From category archives: In Trust Blog

Board Orientation

Resource roundup: Board orientation

Effective board orientation is valuable for new trustees and veteran board members alike. Fitting orientation into already-full board meetings can be difficult, but it is important to take time each year to do so. 

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Tools for board improvement

Do you have new (or existing) board members that require orientation? Interested in conducting an assessment of your board's efficacy? Feel as if your board could be communicating or collaborating better? 

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Orientation is the key to keeping a board on the right course

To stay focused on the mission, a school's board members must be guided and redirected as a school's needs change in response to a shifting environment. Using the metaphor of a ship, Tracy Schier likens board orientation to the compass guiding a seminary toward “true north” -- the school’s mission. If a board is going to avoid getting lost at sea, orientation is vital for new and continuing board members alike.

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A financial vocabulary lesson for board members

Are you a board member with fiduciary responsibilities but little experience with financial matters? Do you find yourself lost or confused by the financial jargon that comes up in budgetary or investment discussions? Have no fear. 

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Practical implications of board diversity

With the exception of schools that primarily serve people of color, most theological school boards do not reflect the diversity present in their schools. Many schools have made great strides in serving their diverse student populations by hiring faculty and adjusting their curriculum to better serve a variety of student experiences. However, this diversity has not made its way into the makeup of school boards.

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Recently published from CHEA: A board member's guide to accreditation

Accreditation for institutions of higher education is a multifaceted and often confusing process. For governing boards in particular, it can be challenging to learn the ins and outs of accreditation and what the role of the board is in that process. The Council for Higher Education Accreditation (CHEA) has recently published a resource to address this challenge.

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Good board hunting

Cross-posted from Rebekah Burch Basinger's blog, Generous Matters. Read her original post here

Topping the list of frequently asked board-related questions that come my way is how to fill empty board seats with quality recruits. With nonprofits proliferating at breakneck speed, competition for board members is keen. Throw in expectations like competent, committed, and/or generous and you might as well be chasing Bigfoot. There ain’t no such creature out there — or so seems.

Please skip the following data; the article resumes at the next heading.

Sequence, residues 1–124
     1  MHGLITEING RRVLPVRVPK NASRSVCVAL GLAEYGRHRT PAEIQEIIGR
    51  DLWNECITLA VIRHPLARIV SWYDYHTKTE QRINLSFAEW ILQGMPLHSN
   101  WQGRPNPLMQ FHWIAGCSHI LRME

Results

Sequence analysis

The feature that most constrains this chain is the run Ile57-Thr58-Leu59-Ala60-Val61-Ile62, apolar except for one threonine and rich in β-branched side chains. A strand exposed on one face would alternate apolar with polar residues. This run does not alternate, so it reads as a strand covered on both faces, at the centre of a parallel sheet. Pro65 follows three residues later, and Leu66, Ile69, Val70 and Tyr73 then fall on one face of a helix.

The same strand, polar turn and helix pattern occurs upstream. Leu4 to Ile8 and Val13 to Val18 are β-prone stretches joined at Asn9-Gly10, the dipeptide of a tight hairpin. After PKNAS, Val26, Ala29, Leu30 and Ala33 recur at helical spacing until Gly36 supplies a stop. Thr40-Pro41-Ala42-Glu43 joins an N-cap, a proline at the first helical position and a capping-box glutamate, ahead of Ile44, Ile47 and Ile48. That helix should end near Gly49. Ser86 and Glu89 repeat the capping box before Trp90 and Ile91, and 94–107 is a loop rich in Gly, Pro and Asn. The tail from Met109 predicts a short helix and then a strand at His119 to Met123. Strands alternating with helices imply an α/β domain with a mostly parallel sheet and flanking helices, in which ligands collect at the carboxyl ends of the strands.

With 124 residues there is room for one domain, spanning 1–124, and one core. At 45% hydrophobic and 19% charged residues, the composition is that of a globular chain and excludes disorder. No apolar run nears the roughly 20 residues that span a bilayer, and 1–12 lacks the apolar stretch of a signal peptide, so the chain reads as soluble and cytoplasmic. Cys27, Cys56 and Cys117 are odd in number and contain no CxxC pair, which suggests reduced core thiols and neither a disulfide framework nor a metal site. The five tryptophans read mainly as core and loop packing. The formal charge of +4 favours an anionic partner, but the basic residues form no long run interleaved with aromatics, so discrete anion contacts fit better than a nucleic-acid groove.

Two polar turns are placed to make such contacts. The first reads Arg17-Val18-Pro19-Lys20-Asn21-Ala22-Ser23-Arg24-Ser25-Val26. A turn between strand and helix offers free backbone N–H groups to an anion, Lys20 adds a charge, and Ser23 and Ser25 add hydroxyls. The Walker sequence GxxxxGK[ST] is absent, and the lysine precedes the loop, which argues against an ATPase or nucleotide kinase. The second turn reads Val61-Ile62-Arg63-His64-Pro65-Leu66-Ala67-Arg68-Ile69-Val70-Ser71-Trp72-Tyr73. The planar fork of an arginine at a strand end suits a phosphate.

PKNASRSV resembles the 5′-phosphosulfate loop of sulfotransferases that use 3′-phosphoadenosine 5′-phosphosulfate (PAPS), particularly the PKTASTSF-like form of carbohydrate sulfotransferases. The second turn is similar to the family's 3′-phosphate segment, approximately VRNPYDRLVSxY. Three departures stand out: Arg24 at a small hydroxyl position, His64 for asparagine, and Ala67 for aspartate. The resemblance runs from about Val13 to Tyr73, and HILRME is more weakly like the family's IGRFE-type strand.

Fortunately, there is.


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The priority of governance in really tough times


The In Trust Center recently presented a webinar on governance strategies for difficult times.

Barbara Wheeler and Daniel Aleshire shared some best practices and areas of improvement that can lead to institutional stability: setting terms and term limits for board members, evaluating and orienting boards, selecting board members with the appropriate skill sets, and attracting new members of different cultures and ages. Wheeler stressed the importance of engaged governance, balancing support of the president with prioritizing the institutional mission.


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In Trust magazine – Spring 2016 issue

The Spring 2016 issue of In Trust was recently mailed to subscribers. Here are some of the highlights.

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    Facing your board’s flaws

    A well-meaning board can easily drive off course. Whether bogged down by endless meetings or rattled by disgruntled members, how can a board right itself and get back on track?

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    Are you recruiting new board members?

    If your board is recruiting new members, you may be wondering: Who would make a good candidate? How will new members fit in with existing members? How can I bring in new blood while also maintaining my institution's identity?

    On her blog Generous Matters, Rebekah Burch Basinger addressed board recruitment in three blog posts, offering advice and resources on the topic.

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    Why you should understand theological school finances


    If you're a stakeholder at a theological school — especially if you're a board member, administrator, or faculty member — it's vital that you really understand your school’s financial standing, rather than solely relying on the CFO or other financial staff.

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    From our Resource Library: The Nonprofit Board Answer Book



    Here at the In Trust Center, we talk boards and governance all day, every day. From fielding calls from member schools, to researching and writing articles on boards, board policy, and governance, and even in our work with our own board, we are constantly talking, thinking, reading, and writing about governance and policy.

    Over the years, we have developed a library to assist us (and our member schools) in our work. We have many books on boards: board policy, shared governance, the roles of board members, etc. Of all of these, the book that we turn to most often for questions about these topics is a book from BoardSource: The Nonprofit Board Answer Book. Arranged by topic in a Q and A format, with an index at the back, it is easy to find the answers for which we're looking.